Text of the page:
I was chatting with a friend the other day about her PhD, remembering a stage in my own where I felt I had the whole thing held in my mind for a short time. It was only there for long enough to get the conclusion and the introduction written, and then it was gone. But for that short time I had a magical sense of understanding, a sense of “it” that I had not had before and never had again.

The last week in Project Recovery has been in many ways wonderful. The worst of the relapse, or rather relapses, is over and I feel really confident that I am entering remission. I am beginning to look ahead with anticipation more than fear (though there is some of that too), I don’t panic when the spasms that seize my throat, whoosh away my breath and make me feel like I will choke get hold of me. My energy levels are returning and though my walking is taking some getting used too I am past the stage of longing for the abilities of before to return. My dreams have become less disturbing, and though I do feel an ever-present sense of fear of it happening again, the fear feels familiar now. I can see in my mind’s eye the errant signals, the broken synapses, the mis-firing muscles. It feels unwelcome but understandable and therefore less frightening. I have even begun to rationalise my fears as “my body’s way of encouraging me not to let myself do anything to bring on another relapse like that again”.

I feel a million times more emotionally settled than at the peak of all this – a.k.a. “The Day I Nearly Shaved My Hair Off”. During the worst of it all I had to do, all I could do, was bear it. Now though I am required to do something rather more active – to resume ‘normal’ life. (I hesitate to write that as the last time I did I promptly had another relapse!) I’m no longer a passenger on this train, I’m the driver. The problem of course is that unlike a PhD this project has no end, or rather no clear, visible, end. There will be no moment of clarity and understanding. We live our lives with next to no idea of what is around the corner, or when the tracks will run out and the journey end. Sometimes we are fairly oblivious to the idea of the end, and other times we repress the idea of it in order to make the pact with the system we must in order to survive within it. Nevertheless we do somewhere inside ourselves know it must end, but we don’t know how. More particularly, as these last few weeks have hammered home to me, we have no idea how that last stage will play out. Will it be sudden or protracted, gentle or violent? Will we be at ease or racked with pain? Will we be calm or distressed? I do feel a little comfort from the knowledge that when things were at their worst I “bore it” pretty well. I retreated into myself and held on as tight as I could. I also feel a sense of relief that I did not fall apart, at least not publicly or for any length of time. I slipped pretty far down the hill and though I was often terrified, I managed to hold on (the Long Night of the Mercifully Missing Hair Clippers excepting).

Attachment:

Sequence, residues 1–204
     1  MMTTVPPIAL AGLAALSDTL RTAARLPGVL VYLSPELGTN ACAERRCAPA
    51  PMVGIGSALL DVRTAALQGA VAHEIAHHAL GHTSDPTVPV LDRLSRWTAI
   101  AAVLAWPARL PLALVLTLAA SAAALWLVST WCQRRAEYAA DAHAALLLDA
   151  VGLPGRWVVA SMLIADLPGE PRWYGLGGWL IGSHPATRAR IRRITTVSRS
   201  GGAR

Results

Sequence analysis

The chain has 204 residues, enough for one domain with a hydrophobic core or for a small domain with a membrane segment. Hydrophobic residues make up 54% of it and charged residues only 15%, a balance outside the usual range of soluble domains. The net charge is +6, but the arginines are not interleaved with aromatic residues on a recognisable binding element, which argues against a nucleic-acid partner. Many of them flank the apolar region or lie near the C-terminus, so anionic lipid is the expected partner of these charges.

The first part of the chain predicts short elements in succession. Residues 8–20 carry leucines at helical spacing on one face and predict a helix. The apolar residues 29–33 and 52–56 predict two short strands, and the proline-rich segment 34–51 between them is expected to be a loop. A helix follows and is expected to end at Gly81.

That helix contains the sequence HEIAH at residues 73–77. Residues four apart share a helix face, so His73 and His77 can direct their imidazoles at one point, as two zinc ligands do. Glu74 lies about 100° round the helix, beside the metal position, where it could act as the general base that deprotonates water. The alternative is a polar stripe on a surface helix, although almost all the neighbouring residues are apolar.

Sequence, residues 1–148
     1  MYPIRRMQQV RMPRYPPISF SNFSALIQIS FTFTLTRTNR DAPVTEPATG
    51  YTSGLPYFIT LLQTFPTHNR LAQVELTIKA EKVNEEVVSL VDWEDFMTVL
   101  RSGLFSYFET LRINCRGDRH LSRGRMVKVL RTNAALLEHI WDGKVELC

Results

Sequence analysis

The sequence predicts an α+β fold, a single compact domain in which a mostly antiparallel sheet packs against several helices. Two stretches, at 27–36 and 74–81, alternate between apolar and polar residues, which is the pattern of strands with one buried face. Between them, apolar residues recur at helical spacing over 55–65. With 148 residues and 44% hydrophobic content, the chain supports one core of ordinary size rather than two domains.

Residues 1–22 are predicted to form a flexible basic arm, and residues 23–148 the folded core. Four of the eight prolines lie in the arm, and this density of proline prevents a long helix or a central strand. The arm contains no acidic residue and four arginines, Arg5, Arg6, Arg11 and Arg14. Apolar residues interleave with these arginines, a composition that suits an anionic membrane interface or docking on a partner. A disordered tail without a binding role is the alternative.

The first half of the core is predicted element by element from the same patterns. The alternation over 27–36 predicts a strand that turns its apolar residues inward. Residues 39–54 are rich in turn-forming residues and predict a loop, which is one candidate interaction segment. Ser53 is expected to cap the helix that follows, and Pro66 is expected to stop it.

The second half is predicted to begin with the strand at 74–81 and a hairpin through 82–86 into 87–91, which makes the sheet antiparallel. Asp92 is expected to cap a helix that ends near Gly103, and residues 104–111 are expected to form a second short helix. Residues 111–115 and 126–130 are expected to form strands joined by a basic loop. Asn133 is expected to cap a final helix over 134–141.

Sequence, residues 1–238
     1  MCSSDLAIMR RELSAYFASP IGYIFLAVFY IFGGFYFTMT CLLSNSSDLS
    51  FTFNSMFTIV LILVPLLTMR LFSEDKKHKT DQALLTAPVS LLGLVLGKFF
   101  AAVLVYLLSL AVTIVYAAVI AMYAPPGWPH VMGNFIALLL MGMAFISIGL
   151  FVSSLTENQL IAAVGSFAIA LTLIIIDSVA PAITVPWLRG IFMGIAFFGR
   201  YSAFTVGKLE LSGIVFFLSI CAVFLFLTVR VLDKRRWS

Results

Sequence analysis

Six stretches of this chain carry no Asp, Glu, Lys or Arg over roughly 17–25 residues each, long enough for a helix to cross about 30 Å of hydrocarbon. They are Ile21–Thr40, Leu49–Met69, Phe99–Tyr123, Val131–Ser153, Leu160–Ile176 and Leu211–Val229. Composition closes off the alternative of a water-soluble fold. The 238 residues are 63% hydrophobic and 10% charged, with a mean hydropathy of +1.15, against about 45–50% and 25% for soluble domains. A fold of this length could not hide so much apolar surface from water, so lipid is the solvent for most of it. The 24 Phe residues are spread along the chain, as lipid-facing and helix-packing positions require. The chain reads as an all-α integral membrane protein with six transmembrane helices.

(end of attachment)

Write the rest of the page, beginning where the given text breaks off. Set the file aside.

I learnt so much in these last few weeks about what is important to me. I felt regret in spades – despite what Piaf said I can’t imagine many have gone to their deaths truly regretting nothing. I also learnt I think for this first time (ever the late developer) the importance of seeking help. The stoic in me runs deep but at times like these it is not helpful to dwell too deeply on the more conservative interpretations of Stoicism my protestant ancestors gifted me. Sharing and seeking help have aided me through this time more than anything else.

Whilst the medical part of the recovery seems well underway, and psychologically I am less ill prepared for something like that happening again, the future beyond ‘medical’ recovery is going to be a big challenge. I feel unsettled by MS’s irritating habit of, when asked “So what happens next?”, shrugging its shoulders and looking off mysteriously stage left. Life is changing but the parameters are still very vague. However I do feel reassured by one thing. Whilst we may not have the luxury of an equivalent to the “final submission date” of a PhD we do in life share one very important commonality with PhD students. A PhD is a community effort – family, friends, advisers, fellow students, other academics and your academic community more generally all are vital in producing that thesis. A PhD is a lesson in the necessity and rewards of asking for help.

So today I am thinking about my friends and family, near and far (thank you social media and Skype!) who quite literally carried me through these last weeks. I am thinking of my wonderful MS nurse who knew me well enough to instantly put a stop to the neurologist’s suggestion that I be hospitalised and managed to get me the help I needed at home. I am thinking of my beautiful boys who put up with their summer holidays being plunged into turmoil. The help of all of those people, their thoughts and kindnesses, made a difficult time also a beautiful time for me. We will never have that wonderful moment in life that PhD students get – never see “it” suddenly all there, and making sense. But we have the reassurance that help can be asked for, and the knowledge that help will be given. Thank you.